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Message board set alight for debate on family as patients

22 June 2015

Message board set alight for debate on family as patients

Whether or not to treat family and friends is certainly not an easy issue. It raises all sorts of tricky issues. Beginning a discussion on an online forum concerning the American Medical Association’s recommendation not to treat close friends or family members, Medscape have compiled some of the many insightful and contrasting responses to the question “How often do you give medical advice or provide medical care to your friends and family?”

One primary care physician wrote: “If we keep all the knowledge to ourselves, aren't we doing a disservice to society? We were celebrating [with family] the other day and all the little kids were wrestling with their uncle. My three-year-old came to me crying that uncle had hurt her bones in her arm... I made her come to me, and without a word I relocated her elbow. She screamed, and everyone was shocked until I told them what I had done... How could I have not treated her?”

An oncologist echoed this view, commenting: “There are many family members who are still alive thanks to older doctors who fortunately had enough common sense and influence in their care to effect an outcome that would have been otherwise disastrous. The bureaucracy doesn't have a clue [about] day-to-day medical practice in the trenches.”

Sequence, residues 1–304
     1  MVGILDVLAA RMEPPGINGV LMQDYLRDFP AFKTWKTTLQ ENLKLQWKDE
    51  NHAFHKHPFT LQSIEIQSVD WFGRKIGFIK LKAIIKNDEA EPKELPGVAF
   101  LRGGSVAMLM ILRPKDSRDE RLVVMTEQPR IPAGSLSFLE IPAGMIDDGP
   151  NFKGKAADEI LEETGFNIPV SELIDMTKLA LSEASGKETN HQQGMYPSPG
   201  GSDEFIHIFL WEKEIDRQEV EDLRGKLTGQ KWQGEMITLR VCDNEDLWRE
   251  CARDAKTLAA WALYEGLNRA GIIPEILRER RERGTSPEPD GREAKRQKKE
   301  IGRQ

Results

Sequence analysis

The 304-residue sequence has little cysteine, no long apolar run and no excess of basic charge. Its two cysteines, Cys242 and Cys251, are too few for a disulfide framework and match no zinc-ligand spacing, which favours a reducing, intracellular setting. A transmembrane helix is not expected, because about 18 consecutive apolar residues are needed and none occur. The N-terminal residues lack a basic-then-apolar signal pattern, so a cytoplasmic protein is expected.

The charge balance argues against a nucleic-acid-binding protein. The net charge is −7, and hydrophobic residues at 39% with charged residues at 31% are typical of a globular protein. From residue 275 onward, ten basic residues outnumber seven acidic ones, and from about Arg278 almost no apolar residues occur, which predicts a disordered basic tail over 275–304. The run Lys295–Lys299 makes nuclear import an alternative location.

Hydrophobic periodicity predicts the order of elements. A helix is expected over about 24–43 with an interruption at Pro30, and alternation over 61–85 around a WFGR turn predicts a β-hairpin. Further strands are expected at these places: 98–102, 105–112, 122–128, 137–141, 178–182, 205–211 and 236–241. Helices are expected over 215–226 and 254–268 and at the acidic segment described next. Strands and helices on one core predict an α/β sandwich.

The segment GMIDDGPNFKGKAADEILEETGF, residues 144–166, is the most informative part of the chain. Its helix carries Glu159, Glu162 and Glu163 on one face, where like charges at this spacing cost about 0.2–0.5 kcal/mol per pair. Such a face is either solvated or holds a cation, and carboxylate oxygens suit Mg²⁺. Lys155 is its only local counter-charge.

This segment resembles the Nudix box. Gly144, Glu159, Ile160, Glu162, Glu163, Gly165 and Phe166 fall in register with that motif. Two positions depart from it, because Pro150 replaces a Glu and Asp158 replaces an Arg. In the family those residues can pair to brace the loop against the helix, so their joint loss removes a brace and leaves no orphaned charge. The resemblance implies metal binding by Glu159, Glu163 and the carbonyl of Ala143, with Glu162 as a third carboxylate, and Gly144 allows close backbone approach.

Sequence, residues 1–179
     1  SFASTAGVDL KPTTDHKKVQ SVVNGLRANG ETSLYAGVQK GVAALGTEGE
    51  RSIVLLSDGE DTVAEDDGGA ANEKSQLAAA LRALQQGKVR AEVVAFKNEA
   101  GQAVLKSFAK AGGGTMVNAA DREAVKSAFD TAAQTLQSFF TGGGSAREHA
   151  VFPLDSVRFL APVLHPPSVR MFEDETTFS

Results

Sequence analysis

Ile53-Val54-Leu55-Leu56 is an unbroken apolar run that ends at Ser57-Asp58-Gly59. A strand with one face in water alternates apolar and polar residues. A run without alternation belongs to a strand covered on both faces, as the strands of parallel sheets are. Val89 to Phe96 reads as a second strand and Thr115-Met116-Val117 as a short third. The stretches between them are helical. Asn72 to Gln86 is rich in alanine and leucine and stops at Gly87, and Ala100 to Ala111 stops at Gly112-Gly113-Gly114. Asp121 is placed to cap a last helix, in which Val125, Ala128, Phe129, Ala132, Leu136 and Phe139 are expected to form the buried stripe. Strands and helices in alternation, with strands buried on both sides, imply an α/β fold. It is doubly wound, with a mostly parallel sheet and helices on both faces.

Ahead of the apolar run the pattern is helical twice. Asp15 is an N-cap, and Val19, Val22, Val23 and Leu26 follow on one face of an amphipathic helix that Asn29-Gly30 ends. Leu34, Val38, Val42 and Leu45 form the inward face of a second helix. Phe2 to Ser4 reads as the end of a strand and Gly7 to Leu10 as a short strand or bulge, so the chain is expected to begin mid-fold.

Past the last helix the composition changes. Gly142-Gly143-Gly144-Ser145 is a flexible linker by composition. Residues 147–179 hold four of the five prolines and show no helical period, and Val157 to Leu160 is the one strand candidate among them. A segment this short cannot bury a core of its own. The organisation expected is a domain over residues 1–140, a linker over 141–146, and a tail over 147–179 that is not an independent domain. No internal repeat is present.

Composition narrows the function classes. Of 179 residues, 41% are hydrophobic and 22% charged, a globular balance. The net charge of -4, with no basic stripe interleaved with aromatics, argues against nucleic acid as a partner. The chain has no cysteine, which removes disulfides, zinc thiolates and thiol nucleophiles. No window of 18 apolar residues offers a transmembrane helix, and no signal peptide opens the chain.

Many others, however, refuse to treat family members, or even offer advice. One ophthalmologist wrote: “My dad doesn't understand why I refer him to his physician every time he complains of a problem. I am the doctor who doesn't want to help family. I am getting used to it anyway and fighting it out, trying to make them understand my dilemma in the matter.”

One A&E physician regretted advice he’d given for free: “I cleaned out a nasty wound and prescribed some Augmentin® for my landscaper when a neighborhood dog bit him. He was very gracious and thanked me profusely, saying how much a trip to the ER would have cost him out of pocket. Weeks later he billed me full charge for some mulch and yard work... Does a plumber unclog your pipes for free? Does an electrician do your wiring out of the goodness of his heart?”

One neurologist tried to see all sides of the argument. He said: “If advice to friends and family causes harm, then it has negative implications. On the other hand, if advice prevents harm, or leads to a more optimal outcome, then it has positive implications. It's like everything else in life; you win some and you lose some.”

So what do you think? Is it okay to treat close friends and family, and to give them advice? Or should it be avoided where possible? Comment below and tell us what you think…

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